the geopolitical vs. the network political: internet ... braman/bramanpdfs/88_ the geopolitical
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MCP 9 (3) pp. 277–296 Intellect Limited 2013
International Journal of Media & Cultural Politics Volume 9 Number 3
© 2013 Intellect Ltd Article. English language. doi: 10.1386/macp.9.3.277_1
citizenship Internet history socio-technical systems infrastructure RFCs Internet protocols theories of the state
sandra Braman University of Wisconsin-Milwaukee
The geopolitical vs. the
network political: Internet
designers and governance
With the recognition that communication networks in general and the Internet in particular are not only infrastructural but socio-technical in nature comes the responsibility to think such networks through from the perspective of how they influence – and/or are – forms of power and governance. The notion of citizenship is one that appears relative to both social and technical systems, and thus at their conjuncture, because it is the concept through which the rights and responsibilities of individuals relative to governance are refracted. It was in fact the case that citi- zenship was a concern for those responsible for technical design of the Internet as that history both unfolded through and is recorded in the technical document series known as the Internet Requests for Comments, or RFCs. This paper analyzes the two types of citizenship of concern from the perspective of Internet design – geopolitical (oriented around the state) and network political (oriented around the network) – and interactions between the two as they were discussed within and affected the Internet design process. These network-inspired ideas about citizenship in turn contribute to the ongoing discussion about the evolution of new forms of citizenship in today’s environment, including in particular those that are global and/or techno- logical in nature.
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The affordances offered by the Internet to the formation of global political communities have given life to conversations about global citizenship first raised, in various forms, in the nineteenth century. This notion itself is just one among the many types of conceptualizations of citizenship in play during contemporary transformations of law-state-society relationships. The concept of ‘network citizenship’ emerged among those who participated in the techni- cal design of the Internet, involved in what we might refer to as the ‘network political’ environment as distinct from the ‘geopolitical’ as defined by the international system of United Nations-recognized states.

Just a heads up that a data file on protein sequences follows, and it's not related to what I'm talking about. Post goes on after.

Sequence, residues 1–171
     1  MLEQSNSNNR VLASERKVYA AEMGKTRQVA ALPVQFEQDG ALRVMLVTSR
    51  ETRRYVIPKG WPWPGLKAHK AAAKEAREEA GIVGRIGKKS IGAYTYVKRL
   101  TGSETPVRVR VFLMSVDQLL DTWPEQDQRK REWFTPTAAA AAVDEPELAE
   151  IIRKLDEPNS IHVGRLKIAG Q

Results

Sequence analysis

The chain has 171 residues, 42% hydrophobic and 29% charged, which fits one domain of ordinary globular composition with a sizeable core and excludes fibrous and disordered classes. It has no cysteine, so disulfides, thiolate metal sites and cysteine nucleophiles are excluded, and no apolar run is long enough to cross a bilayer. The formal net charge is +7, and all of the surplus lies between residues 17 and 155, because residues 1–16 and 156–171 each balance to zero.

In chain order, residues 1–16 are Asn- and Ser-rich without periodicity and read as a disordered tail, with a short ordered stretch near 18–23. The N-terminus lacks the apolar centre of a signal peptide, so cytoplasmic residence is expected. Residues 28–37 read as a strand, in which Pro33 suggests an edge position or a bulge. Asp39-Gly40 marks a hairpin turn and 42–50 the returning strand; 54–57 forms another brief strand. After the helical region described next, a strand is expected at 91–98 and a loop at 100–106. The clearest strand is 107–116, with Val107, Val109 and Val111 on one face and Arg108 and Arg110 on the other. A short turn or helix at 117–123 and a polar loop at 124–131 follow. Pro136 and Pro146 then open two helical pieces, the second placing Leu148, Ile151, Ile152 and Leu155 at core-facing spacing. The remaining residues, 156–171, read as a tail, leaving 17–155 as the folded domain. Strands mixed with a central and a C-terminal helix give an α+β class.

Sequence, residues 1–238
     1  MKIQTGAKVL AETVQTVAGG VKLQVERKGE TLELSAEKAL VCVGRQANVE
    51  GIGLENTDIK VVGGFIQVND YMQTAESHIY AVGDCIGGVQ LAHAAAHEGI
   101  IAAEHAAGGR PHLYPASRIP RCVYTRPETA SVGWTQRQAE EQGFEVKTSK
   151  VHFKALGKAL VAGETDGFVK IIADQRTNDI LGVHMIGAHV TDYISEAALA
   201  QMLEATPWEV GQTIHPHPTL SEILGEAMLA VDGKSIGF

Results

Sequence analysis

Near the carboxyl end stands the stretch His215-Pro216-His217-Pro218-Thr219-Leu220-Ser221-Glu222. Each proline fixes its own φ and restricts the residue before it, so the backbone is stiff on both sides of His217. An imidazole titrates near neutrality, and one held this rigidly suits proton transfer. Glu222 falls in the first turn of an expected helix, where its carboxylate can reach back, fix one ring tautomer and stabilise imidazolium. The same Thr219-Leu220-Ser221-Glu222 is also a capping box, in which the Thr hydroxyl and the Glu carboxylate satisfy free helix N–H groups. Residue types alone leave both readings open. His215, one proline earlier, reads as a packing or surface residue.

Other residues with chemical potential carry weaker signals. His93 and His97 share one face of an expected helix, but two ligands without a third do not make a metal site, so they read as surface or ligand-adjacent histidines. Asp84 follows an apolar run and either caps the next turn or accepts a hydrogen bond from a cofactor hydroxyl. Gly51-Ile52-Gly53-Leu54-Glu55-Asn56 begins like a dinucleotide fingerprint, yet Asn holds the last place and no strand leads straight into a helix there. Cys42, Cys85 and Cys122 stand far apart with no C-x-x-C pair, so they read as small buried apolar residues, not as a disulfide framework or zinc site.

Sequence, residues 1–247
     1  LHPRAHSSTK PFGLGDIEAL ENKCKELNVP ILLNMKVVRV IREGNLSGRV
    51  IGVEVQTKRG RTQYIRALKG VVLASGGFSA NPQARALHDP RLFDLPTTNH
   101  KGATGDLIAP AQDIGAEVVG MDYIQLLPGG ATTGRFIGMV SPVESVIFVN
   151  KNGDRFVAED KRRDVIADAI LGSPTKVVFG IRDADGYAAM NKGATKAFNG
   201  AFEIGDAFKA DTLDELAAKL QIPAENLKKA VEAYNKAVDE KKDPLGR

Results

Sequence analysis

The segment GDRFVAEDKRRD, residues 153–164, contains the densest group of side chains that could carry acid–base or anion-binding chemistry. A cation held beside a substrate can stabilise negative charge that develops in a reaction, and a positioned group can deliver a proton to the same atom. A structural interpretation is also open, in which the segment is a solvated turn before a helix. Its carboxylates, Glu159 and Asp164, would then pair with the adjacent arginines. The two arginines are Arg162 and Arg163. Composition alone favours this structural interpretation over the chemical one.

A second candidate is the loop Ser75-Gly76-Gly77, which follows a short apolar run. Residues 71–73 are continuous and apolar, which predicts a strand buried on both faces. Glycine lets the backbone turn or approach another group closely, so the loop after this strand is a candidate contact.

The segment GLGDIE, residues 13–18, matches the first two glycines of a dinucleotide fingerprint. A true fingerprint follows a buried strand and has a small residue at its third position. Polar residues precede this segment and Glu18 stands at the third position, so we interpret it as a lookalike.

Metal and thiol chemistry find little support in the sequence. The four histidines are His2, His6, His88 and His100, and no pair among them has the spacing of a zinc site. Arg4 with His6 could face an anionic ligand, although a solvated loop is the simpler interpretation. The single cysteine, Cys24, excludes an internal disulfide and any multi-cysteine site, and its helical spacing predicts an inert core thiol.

This article traces the evolution of the concepts, norms, and practices of network citizenship among those responsible for the design of what we now call the Internet by looking at the technical document series – the Internet Requests for Comments, or RFCs – that has been the medium for and record of the design process since its launch shortly after the ARPANet project began in 1969. Thinking in such political terms was an inevitable expansion of the engagement of these computer scientists and programmers with legal and policy issues in the course of discussions about technical design problems, their solutions and their translation into the technical standards (protocols) needed to make what we now call the Internet work.
The process of designing the network generated a strong sense of community (Braman 2011; Turner 2006) that rapidly grew in numbers after commercialization took place in 1993, making the network available to any one for any use (Abbate 1999; Mueller 2002). The network was intended to be international from its conception, and was so in terms of participation in the design process and intended uses incorporated into that process even before the 1972 addition of non-US nodes to the network. Within just a couple of years of the launch of the network design process (Braman 2012), the concept of network citizenship had become another way of conceptualizing global citizenship. Relationships between geopolitical and network political citizen- ship are, however, not yet resolved; as negotiations between the two types of processes unfold, they feed and interact with the evolution of the informa- tional state (Braman 2007a). Now that we understand from Schudson (1998) that even when confined to informational terms, and even when talking only about one country, there are many different ways of thinking about what is meant by the notion of ‘the good citizen,’ articulations of good citizenship of either type within the RFCs are of keen interest.
The evoluTIon of cITIzenshIp